Editor Robyn Bristow joined visitors at the Cheviot A&P Show to celebrate the diversity of the district.
Ray Duncan has greeted visitors to the Cheviot A&P Show for 50 years
His father-in-law talked him into the job and “I have been doing it ever since”.
“I do it for the enjoyment of it.
“I get to know people coming through the gate and I have a bit of fun,” says Ray, who was still on the job several hours later.
Jennifer Marshall and Laura Read, from the West Coast, were among the crowd entering the show. Jennifer’s nana lives in Cheviot and she had come over for the weekend.
Laura has been to the show for the past two years. “I really enjoy it,” she says.
Inside the grounds, it is a bit soft under foot but no-one cares. Just a short time ago it was rock hard as the district suffered through three years of drought.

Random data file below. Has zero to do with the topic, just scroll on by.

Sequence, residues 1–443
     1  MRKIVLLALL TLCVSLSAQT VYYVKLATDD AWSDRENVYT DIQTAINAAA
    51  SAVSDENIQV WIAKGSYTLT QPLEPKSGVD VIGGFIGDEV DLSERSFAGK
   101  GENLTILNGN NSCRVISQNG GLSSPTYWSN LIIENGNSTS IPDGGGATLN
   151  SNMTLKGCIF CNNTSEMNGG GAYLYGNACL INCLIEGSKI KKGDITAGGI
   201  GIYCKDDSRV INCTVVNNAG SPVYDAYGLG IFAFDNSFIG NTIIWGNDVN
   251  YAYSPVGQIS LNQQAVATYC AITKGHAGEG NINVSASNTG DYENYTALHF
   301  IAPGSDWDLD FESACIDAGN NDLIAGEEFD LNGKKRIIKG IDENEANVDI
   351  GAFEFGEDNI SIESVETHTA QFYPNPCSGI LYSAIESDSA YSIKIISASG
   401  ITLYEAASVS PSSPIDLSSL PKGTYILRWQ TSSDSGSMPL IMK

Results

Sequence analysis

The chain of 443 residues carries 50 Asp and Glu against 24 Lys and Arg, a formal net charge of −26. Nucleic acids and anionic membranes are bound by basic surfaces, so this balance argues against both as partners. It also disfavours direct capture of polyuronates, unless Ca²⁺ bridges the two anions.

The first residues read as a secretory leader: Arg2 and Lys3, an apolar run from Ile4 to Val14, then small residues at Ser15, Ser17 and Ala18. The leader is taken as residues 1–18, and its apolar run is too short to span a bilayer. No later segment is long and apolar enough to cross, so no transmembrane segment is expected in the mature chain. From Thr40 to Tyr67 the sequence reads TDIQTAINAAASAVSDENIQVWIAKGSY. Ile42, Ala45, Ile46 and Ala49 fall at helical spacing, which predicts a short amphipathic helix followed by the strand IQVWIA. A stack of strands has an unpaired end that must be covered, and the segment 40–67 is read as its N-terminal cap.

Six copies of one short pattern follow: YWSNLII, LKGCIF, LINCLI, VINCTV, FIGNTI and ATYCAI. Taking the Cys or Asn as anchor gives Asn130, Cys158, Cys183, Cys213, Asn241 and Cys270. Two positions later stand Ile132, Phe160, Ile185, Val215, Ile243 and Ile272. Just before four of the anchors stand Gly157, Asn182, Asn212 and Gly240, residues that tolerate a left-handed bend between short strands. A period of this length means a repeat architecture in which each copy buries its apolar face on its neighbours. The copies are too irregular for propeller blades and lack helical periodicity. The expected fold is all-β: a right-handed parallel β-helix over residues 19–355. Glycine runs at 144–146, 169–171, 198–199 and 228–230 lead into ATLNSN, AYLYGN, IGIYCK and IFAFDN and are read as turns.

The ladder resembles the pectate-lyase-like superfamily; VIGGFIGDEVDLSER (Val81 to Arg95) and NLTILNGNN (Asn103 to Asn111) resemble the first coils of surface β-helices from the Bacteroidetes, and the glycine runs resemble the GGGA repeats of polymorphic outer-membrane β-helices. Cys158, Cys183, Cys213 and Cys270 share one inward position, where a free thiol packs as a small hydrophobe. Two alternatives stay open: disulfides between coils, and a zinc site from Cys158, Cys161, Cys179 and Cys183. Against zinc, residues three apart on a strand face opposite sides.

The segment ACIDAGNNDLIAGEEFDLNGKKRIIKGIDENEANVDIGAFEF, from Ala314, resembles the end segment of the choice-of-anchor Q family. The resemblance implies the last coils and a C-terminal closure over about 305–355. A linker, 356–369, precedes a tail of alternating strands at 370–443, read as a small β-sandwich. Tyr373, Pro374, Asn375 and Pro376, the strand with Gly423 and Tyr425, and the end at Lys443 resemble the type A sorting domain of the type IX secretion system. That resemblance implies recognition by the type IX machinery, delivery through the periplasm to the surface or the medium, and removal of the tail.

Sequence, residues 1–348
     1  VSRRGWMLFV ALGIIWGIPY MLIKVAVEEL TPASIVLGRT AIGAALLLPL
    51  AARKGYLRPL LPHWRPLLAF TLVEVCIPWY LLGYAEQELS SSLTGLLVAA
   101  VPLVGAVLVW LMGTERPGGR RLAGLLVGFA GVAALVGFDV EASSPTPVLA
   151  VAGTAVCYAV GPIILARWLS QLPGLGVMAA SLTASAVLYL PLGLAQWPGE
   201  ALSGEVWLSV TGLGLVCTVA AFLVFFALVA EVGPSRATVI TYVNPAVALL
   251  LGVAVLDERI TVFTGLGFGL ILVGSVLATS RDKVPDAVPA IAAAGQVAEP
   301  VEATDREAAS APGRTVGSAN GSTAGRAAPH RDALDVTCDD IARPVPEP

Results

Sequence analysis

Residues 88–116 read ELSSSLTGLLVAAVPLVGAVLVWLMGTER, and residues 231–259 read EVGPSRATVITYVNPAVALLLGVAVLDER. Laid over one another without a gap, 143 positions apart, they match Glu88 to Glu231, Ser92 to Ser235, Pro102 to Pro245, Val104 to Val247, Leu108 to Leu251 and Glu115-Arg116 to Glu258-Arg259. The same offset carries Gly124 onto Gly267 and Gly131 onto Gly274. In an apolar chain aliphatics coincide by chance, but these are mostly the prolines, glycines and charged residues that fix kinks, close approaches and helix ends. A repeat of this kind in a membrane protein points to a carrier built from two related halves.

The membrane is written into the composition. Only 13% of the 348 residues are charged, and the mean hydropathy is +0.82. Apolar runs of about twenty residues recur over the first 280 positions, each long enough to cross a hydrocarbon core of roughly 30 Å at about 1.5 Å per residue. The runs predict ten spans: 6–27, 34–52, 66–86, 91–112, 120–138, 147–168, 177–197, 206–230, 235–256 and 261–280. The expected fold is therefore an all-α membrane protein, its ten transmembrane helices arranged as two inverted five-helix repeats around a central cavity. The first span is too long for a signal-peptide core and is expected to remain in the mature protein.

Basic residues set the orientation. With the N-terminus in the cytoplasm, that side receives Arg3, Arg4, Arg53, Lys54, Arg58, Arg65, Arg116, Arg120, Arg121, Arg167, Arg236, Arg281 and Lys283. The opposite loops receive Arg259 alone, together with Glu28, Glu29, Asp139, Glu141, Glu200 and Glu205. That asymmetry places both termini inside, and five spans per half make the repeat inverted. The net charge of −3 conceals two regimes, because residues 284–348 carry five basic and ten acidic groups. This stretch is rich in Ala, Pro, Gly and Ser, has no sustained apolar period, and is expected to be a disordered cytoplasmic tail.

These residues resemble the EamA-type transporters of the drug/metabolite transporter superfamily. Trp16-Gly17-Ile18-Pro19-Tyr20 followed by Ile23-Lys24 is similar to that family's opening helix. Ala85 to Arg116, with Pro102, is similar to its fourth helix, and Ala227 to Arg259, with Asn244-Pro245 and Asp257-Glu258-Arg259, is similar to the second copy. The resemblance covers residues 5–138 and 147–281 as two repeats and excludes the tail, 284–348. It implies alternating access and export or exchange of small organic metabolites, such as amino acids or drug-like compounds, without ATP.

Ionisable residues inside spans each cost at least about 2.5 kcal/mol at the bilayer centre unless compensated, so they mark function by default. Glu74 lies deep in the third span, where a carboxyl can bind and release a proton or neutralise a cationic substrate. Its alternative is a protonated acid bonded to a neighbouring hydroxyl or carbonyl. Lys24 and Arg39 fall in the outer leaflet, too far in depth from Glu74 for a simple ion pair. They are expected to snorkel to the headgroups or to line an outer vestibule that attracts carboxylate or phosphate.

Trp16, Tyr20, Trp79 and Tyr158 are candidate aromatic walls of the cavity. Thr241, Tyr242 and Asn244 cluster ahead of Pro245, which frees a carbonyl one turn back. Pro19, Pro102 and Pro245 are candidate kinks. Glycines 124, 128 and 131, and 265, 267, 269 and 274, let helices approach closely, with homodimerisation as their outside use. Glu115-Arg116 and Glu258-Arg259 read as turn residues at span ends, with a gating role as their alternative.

The Kerwin family from Christchurch said they loved coming to the Cheviot show.
It was an easy journey from home and their young family just loved the animals.
Presidents Philippa and Pete Somerville were ferried around the ring aboard small Suzuki trucks as the grand parade got under way.
They were followed by a horde of keen young motorcyclists before the prize-winning horses and ponies paraded.
Lorraine Hansen, secretary for nearly 12 years, was given a fond farewell from the role.
Pete said she had given 12 years of incredible service to the association.
“We have put an extra seat across the other side of the arena for Lorraine and Russell, so if there is any problems we will be able to give her a wave and hopefully she might dash across and give us a hand out,” he said.
Shearing, sideshows, trade exhibits and competitions, including guessing the weight of a rather large kune kune pig, ensured there was plenty for the whole family. The day ended with a community barbecue.MysneakersNIKE HOMME